Golf in Kent Travel Report

Having been introduced to the county I have become interested in its golf, aided by an excellent book by David L Dobby. He is the club historian and archivist for the club and a member since 1957. I thoroughly recommend his book 'Golf on the Kent Coast' to any golfer wanting to know more about this area and its history.

Considering the glowing terms spoken on Deal, I was concerned that I may be disappointed given its reputation. I wasn’t. The course was a wonderful experience to play, even though it chewed me up and spat me out. The wind and complexity of the layout led to some very poor scoring but still ighly enjoyable that I look back on with fond memories.

The course itself was originally a nine-hole layout designed and constructed by Harry Hunter in 1892. A host of other architects have influenced its development including   ames Braid right after World War I. Then Major Sir Guy Campbell, Hugh Alison, John S. F. Morrison, and Major C. K. Hutchison were involved with the course during World War II. Finally, in recent years, Donald Steel has consulted on bunker and tee placement. This amalgamation of the best golf architects in the world has created a layout that is beautiful in its simplicity and treacherous in equal measure. These luminaries have let nature take its course and it is the better for that.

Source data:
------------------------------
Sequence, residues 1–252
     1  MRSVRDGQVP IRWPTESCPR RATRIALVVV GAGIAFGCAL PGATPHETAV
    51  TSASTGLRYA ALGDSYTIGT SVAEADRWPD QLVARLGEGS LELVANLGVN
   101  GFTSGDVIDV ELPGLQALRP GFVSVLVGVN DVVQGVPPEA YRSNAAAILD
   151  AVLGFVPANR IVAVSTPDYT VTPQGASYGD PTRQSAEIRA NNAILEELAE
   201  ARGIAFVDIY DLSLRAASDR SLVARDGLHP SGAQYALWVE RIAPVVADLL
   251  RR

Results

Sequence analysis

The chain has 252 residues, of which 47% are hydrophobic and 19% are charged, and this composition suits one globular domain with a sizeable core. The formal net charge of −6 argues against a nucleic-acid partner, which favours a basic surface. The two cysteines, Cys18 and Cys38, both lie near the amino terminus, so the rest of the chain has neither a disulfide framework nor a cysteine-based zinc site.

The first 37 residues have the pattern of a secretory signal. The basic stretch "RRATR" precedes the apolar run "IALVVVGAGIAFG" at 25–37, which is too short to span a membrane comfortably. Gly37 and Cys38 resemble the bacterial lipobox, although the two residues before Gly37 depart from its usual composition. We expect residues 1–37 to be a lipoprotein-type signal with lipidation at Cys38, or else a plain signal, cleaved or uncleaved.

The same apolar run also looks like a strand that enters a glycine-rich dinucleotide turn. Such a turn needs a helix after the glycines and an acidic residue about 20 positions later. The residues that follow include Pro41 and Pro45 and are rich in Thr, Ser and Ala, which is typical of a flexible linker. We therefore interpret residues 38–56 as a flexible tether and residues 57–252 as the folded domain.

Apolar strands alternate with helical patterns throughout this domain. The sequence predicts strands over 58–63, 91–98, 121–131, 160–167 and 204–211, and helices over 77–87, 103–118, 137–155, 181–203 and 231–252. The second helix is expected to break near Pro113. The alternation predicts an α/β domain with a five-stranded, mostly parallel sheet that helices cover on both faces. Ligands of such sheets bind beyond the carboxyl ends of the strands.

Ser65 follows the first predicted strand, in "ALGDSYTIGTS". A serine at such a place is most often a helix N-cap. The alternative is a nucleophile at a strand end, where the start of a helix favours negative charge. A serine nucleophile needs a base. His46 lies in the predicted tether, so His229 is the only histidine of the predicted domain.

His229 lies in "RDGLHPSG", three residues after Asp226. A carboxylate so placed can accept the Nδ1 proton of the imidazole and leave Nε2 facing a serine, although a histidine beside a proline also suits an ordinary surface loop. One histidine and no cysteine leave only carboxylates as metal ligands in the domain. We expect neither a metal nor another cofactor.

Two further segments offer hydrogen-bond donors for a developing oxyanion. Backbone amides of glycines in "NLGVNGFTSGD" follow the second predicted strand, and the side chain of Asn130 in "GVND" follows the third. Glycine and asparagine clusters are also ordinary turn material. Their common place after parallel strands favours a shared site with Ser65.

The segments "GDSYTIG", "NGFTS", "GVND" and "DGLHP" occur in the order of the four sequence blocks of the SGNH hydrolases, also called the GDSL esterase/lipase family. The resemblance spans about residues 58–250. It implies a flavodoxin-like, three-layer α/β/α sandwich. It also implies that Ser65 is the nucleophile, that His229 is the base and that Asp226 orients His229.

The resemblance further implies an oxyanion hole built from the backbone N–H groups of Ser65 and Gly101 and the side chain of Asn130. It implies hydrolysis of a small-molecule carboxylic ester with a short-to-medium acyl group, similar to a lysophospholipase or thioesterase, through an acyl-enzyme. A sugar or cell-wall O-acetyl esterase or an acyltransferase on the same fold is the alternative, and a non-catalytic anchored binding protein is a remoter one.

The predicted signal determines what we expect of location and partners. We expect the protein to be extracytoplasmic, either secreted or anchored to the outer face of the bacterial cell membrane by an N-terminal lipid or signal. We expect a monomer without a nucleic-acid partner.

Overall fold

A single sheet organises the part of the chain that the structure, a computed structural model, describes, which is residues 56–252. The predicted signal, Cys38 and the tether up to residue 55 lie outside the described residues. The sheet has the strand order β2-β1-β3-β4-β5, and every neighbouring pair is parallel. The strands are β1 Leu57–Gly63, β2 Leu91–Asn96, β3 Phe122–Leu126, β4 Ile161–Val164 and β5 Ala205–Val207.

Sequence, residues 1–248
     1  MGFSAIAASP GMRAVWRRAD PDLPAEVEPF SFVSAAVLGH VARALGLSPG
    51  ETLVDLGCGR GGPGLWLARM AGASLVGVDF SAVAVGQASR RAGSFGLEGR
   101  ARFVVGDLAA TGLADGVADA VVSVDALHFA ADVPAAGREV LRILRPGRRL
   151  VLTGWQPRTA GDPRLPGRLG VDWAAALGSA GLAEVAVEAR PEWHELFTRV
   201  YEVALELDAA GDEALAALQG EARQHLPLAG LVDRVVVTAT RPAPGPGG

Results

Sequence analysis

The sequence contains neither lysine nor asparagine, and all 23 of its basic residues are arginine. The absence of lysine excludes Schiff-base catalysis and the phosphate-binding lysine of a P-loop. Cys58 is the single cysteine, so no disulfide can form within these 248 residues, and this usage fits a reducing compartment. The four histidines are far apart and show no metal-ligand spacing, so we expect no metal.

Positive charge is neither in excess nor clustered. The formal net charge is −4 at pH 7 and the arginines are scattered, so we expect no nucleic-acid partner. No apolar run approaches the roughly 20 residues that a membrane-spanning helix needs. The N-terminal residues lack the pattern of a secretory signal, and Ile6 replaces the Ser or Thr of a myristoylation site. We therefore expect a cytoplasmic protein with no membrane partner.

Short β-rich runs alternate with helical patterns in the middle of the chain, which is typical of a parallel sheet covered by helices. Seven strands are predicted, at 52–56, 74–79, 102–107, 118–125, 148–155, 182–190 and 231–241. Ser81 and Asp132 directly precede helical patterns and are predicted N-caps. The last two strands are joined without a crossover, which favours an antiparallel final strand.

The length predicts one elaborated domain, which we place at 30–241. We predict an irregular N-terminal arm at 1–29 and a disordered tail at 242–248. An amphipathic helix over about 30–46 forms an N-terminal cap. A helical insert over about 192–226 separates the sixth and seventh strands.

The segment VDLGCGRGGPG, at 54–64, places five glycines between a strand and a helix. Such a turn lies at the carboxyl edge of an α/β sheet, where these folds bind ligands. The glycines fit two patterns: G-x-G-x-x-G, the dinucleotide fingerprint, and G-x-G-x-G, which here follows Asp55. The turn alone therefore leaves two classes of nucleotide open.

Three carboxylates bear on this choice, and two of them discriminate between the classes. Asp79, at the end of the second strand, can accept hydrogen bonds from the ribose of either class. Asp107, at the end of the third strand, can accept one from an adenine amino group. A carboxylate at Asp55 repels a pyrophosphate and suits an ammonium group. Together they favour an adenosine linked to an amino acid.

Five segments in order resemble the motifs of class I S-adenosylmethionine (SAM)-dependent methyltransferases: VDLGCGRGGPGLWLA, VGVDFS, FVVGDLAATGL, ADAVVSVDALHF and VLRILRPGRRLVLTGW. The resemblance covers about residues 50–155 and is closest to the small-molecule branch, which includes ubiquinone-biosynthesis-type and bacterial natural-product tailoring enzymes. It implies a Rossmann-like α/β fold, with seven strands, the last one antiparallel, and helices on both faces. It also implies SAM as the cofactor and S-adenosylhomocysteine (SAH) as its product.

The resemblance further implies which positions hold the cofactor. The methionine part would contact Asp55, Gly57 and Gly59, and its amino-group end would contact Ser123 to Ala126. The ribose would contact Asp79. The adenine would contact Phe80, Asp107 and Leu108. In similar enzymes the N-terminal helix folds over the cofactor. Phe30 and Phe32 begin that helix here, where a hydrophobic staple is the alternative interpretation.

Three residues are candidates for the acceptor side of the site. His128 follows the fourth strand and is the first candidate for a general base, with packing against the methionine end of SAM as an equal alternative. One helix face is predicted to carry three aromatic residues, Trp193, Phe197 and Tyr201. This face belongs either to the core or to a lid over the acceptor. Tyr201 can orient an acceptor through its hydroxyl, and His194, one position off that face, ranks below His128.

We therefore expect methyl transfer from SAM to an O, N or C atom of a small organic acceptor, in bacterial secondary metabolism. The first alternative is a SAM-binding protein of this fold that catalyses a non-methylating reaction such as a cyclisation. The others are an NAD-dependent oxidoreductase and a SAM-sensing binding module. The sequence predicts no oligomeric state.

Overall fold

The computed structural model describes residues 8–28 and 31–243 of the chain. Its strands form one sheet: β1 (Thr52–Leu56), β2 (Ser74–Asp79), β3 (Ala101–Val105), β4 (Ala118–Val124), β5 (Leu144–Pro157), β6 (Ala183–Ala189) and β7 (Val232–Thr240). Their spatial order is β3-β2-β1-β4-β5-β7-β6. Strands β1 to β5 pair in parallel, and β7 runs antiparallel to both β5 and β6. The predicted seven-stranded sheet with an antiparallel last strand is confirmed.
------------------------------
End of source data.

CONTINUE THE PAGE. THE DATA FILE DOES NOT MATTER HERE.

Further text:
I have selected a few holes that were my personal favourites. I could easily have written about all 18 as they each possess unique and interesting features.

1st, Par 4 - 418 yards

This appears to be a generous fairway from the tee. The suggested line is towards the right hand bridge leading to an approach over the ditch. The green is 46 yards long containing a series of contours and slopes that require no bunkering as protection. This hole lies due south and account should be taken of the wind direction using the flags and masts standing proudly outside the formidable club house.